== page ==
Vernon Jones quits Georgia governor bid to run for Congress
ATLANTA (AP) — One of the Republican challengers to incumbent Georgia Gov. Brian Kemp dropped out of the race Monday, a move that could help clear the way for Donald Trump-backed challenger David Perdue in Georgia’s GOP primary.
Vernon Jones, a Democrat who switched parties as part of full-throated backing of the former president, said Monday that he will run for Congress instead. However, Jones did not immediately say which of Georgia’s 14 congressional seats he will seek.
“I believe that strong conservative voices need to be heard as we lead America into the future,” Jones said. “Because of this decision I am officially withdrawing my candidacy for governor effective today and will be supporting David Perdue for governor. He is a good man who loves our state and loves our country.”
Jones’ announcement came days after a late January meeting in which Trump pledged to endorse Jones in a congressional race if he stepped down to clear the field for Perdue, according to a person who spoke on condition of anonymity to discuss the private meeting.
The switch helps Trump defeat Kemp, who has drawn Trump’s scorn for not backing his plan to overturn President Joe Biden’s victory in Georgia. Trump spent months imploring Perdue to run after Trump vowed to deny Kemp a second term, and Perdue is currently airing a television ad in which Trump endorses him for the camera.
Speculation has focused on Jones running for the U.S. House in the 6th Congressional District in the northern Atlanta suburbs or the 10th Congressional District, which stretches east from the outskirts of Atlanta.
Debbie Dooley, a Republican activist and top supporter of Jones, said she expects him to run in the 10th District, where a crowded Republican field is seeking to replace incumbent U.S. Rep Jody Hice. Part of a slate of Trump-endorsed candidates in the state, Hice is running to become Georgia’s secretary of state with Trump’s backing.
Polls had shown Jones drawing a small but significant fraction of support in the May 25 primary. His withdrawal could allow Perdue to consolidate anti-Kemp Republicans and makes it more likely that the GOP nomination will be decided without a runoff.
“Vernon Jones is a conservative patriot who cares deeply about Georgia,” Perdue wrote in a tweet. “We need his voice and we need him in the fight. I’m proud to have his support.”
Cody Hall, a spokesperson for Kemp, attacked Jones’ endorsement as worthless, citing allegations that Jones had raped a woman in 2004, which Jones hotly denied, with charges later being dropped. Hall also attacked Jones on other grounds, including voting against a bill restricting abortion.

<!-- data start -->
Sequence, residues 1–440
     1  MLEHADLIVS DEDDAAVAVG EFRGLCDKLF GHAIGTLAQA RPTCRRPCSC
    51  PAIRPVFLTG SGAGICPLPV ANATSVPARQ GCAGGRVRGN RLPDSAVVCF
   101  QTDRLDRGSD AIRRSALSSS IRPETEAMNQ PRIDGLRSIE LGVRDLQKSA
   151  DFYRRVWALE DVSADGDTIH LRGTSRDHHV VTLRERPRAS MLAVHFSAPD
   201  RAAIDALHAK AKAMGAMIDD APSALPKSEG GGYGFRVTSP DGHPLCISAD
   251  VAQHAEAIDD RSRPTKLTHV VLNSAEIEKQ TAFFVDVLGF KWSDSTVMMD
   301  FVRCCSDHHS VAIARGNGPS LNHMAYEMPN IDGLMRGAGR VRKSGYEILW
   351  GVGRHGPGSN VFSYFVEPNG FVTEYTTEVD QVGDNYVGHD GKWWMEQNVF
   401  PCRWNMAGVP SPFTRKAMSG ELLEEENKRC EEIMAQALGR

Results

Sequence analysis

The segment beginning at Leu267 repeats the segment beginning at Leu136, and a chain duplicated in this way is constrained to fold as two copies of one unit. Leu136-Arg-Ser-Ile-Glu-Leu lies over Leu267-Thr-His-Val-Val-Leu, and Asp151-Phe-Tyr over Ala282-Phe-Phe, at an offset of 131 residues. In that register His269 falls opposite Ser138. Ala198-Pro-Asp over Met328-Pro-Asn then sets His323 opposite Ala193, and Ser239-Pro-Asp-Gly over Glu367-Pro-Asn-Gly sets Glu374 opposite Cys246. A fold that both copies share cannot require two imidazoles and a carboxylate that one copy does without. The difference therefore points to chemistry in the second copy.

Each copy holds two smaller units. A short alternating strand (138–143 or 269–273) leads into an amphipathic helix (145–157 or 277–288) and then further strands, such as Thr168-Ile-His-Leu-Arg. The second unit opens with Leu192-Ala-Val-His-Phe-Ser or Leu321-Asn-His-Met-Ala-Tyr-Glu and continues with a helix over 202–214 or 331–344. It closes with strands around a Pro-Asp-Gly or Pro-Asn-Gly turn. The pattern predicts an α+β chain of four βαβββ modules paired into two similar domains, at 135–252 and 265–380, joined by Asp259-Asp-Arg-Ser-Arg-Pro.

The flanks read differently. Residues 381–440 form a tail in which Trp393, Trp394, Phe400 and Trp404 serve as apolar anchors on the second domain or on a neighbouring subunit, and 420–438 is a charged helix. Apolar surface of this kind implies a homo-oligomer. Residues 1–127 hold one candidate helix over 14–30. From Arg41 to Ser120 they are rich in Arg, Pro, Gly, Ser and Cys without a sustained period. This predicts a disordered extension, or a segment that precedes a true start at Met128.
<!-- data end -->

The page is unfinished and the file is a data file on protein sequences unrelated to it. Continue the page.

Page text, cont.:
“Vernon’s support for Perdue makes sense — both have a history of paying lip service to the America First movement and putting their own egos and wallets ahead of what’s best for the people of Georgia,” Hall said.
Dooley predicted Trump would endorse Jones for Congress.
“I look for an endorsement, and I think Vernon will make a great congressman,” Dooley said. “Trump takes care of those who are loyal to him.”
Jones was a Democratic state representative on the outs with his party when he shot to prominence in Republican circles as an African American who endorsed Trump’s reelection campaign.
Jones, 61, served multiple terms in the Georgia House, sandwiching a troubled turn in charge of Atlanta’s suburban DeKalb County, before proclaiming himself a Republican in January 2021 as his last term in the state House expired.
He built his campaign for governor around Trump’s falsehoods that Georgia’s election was stolen, with Jones promising an audit of the 2020 presidential election and to replace Georgia’s electronic voting system, often calling the election the “dead cat on the end of the line.”
Dooley said Perdue’s more aggressive attacks on the election results, including filing a lawsuit claiming fraudulent ballots were counted in Fulton County, will bring Jones’ supporters into line behind Perdue.
“I think they’re seeing a fighter,” Dooley said.
Three other Republicans besides Kemp and Perdue remain in the race, including Kandiss Taylor. Democrats, though, declared Monday that the GOP race is now a “slugfest” between Kemp and Perdue, one that they hope ultimately benefits Stacey Abrams, the only Democrat in the race.
Abrams campaign manager Lauren Groh-Wargo said Kemp and Perdue’s “nasty fight will do nothing to help our state. As Kemp and Perdue fight each other, Stacey Abrams will is fighting for Georgia.”
Associated Press writer Jill Colvin contributed from New York.
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